• Monday, June 24, 2024
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BusinessDay

MTN, 9Mobile are building chatbots: Why it matters

chatbot

The chatbot market in Nigeria will soon get two new entrants, according to an industry source familiar with the matter.

The source told BusinessDay exclusively that two telcos, MTN Nigeria and 9Mobile, are on course to launch their chatbots soon.

In 2018, financial institutions in Nigeria like United Bank for Africa (UBA) and the defunct Diamond Bank led the way in the chatbot market. While the latter bank has been merged with Access Bank, UBA’s chatbot named Leo is still active.

Sources told BusinessDay that both MTN and 9Mobile are looking to deepen customer experience with chatbots. For 9Mobile it may be part of efforts to rebuild its voice and internet subscriber base which has been depleted in the past four years and only starting to recover in July. A source at 9Mobile said the chatbot is still in production and would be unveiled to the public once it is ready for launch.

However, a prototype seen by the source shows that it is a generic chatbot widget that will be resident on the telco’s website. It will be able to respond to basic customer requests.

BusinessDay can also report that some fast-moving consumer goods (FMCGs) in Nigeria are also working on chatbots which they plan to release as soon as possible. Thus, the chatbot market in the country looks to be picking up finally.

The global chatbot market is projected to grow from $2.6 billion in 2019 to $9.6 billion by 2024. Analysts say the global disruption brought about by the pandemic has forced many organisations to embrace automation systems to help save costs and respond to customer requests at scale and chatbots are one of the key technologies driving this change. A report in 2018 found that the number of chatbots on Facebook Messenger increased from 100,000 to 300,000. UBA’s Leo is part of this population.

But the market is still nascent in Nigeria and banks are already beginning to reduce the momentum they showed in 2018 when after UBA’s announcement of Leo, about four other banks followed in quick succession.

Read more From Leo to Ada: Nigerian banks get creative with chatbots

Over the months, indications have emerged that customers are not so in love with the chatbots as the banks’ had anticipated. Diamond Bank’s chatbot called Ada was rested as soon as the merger with Access Bank was completed.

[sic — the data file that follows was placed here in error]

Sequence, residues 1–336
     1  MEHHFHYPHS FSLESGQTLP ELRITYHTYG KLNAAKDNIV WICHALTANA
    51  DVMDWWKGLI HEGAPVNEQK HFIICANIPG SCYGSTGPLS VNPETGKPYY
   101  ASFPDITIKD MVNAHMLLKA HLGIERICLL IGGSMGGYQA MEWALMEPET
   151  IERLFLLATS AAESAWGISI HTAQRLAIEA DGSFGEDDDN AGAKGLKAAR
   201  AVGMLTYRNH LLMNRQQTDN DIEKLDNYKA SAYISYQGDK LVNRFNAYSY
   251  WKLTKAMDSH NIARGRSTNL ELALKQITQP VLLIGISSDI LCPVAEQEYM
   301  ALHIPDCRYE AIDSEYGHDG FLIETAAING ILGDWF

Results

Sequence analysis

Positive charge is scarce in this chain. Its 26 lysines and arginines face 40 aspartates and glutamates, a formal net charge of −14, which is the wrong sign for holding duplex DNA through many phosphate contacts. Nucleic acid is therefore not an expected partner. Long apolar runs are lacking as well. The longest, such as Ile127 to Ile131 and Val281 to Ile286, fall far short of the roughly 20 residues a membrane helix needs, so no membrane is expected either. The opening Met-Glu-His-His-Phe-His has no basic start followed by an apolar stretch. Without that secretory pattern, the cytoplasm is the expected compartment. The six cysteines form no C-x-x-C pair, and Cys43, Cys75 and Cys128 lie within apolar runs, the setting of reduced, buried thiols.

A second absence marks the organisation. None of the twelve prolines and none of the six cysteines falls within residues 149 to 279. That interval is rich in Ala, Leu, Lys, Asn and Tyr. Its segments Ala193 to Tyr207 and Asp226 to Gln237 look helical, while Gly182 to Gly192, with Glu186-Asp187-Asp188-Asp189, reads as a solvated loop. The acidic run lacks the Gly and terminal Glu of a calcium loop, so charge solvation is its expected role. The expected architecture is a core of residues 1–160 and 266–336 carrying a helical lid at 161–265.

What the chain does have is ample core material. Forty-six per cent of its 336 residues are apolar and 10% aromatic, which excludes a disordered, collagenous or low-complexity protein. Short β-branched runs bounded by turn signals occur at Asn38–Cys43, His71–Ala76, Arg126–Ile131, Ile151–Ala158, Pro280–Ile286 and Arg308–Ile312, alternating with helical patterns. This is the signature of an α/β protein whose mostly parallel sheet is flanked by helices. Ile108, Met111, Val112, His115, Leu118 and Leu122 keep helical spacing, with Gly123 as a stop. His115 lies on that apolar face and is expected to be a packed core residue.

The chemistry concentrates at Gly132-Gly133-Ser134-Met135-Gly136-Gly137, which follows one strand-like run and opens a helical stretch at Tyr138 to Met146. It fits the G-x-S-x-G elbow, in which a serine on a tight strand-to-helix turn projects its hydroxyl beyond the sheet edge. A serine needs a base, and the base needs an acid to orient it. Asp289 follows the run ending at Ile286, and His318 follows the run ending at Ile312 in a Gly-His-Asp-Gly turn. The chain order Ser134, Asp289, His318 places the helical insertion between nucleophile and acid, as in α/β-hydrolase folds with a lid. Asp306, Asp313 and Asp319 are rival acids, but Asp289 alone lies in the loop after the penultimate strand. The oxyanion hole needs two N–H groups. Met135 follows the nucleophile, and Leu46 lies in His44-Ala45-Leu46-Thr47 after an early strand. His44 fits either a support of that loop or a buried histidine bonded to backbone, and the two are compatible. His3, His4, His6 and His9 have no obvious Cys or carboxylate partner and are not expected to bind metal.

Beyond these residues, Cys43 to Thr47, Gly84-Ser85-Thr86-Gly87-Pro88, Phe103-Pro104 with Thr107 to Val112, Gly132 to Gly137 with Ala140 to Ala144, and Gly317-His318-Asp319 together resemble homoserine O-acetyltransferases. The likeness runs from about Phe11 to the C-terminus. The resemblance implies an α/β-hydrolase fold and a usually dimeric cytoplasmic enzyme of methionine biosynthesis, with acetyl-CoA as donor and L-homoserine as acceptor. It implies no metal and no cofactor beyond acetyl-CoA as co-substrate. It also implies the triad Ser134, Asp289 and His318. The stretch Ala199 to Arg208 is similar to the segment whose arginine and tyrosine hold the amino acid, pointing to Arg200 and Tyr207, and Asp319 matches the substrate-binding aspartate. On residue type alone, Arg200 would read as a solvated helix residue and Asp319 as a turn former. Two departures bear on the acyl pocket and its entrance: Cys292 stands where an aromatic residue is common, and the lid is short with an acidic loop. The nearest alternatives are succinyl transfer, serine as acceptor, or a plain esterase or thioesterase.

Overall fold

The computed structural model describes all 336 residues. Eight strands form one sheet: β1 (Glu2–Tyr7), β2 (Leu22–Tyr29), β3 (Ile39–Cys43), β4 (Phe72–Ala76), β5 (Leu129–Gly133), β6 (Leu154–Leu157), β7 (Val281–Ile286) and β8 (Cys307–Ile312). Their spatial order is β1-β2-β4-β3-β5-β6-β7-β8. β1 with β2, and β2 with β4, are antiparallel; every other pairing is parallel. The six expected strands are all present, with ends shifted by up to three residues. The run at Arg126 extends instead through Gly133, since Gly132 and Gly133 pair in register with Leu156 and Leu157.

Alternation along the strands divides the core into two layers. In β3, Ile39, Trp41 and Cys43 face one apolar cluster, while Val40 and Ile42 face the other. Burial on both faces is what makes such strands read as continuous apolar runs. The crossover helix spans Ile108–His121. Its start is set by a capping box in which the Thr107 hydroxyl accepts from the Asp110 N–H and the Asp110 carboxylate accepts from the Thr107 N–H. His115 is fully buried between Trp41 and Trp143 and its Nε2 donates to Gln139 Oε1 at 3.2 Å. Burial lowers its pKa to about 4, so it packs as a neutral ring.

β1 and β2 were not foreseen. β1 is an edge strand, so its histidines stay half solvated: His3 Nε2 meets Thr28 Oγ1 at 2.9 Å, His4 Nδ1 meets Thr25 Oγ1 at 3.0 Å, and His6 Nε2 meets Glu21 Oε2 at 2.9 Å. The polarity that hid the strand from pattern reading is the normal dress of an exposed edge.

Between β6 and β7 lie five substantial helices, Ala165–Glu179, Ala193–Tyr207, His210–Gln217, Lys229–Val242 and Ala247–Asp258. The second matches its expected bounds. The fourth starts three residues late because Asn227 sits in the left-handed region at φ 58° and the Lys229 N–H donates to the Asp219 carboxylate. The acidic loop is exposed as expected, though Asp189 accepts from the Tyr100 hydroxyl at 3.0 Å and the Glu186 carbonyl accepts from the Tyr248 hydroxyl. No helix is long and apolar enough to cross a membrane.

“The problem with Chatbots is that most of those at the forefront of the technology don’t understand its practical applications,” Muyiwa Ogundiya, a certified chatbot professional, said. “There is really no product person. Just developers, hence the user experience or in this case conversational experience ends up being very very poor. This is not only in Nigeria but all around the world.”

He says for the new chatbots from MTN and 9Mobile to attract users, they have to be proactive and not reactive. Many of the chatbots launched by banks in 2018 merely reacted to questions customers asked and the responses to customers’ requests were done in a monologue fashion.

This is why more global companies are opting for conversational chatbots. There are different classifications of chatbots.

Conversational chatbots are by far the most advanced chatbots that utilize artificial intelligence. These chatbots use artificial intelligence and natural language processing in order to deliver the best experience possible to the user. Thanks to these technologies, the bot considers the different words that form the sentence, analyzes them as well as any available context in order to get a contextual understanding of a question. It can then apply that understanding towards the resolution of the query.

“Would you not like it if UBA Leo for instance would send you a list of financial articles from different sources every morning? Or imagine if Leo was to send you a mini post on how to access forex in these trying times. Or how to cut down on energy costs with the hike in electricity tariffs?” Ogundiya said.

Chatbots are a long way from addressing the problems Nigeria has in financial inclusion since users would necessarily require an internet connection to be able to chat. It is, therefore, safe to say MTN and 9Mobile would not be targeting customers at the bottom of the pyramid, rather the focus would be on those with access to the internet. The addressable market there is limited.

Beyond the ability to afford the internet, is the challenge of actually convincing the paying customers to use the chatbots. Not many internet users in Nigeria know what a chatbot is, it’s relevance, and how to use it. Hence, beyond just launching a chatbot, the telcos will need to invest in education.

In addressing the relevance of chatbot, the telcos would need to draw a fine line between its many intrusive messages and the chatbot service. On several occasions, telcos have drawn the ire of subscribers with several unsolicited messages.

In the case of banks, promises of making faster transactions were part of the incentives that attracted users. The telcos would need a strategy different from the banks to convince customers of the usefulness of their chatbots.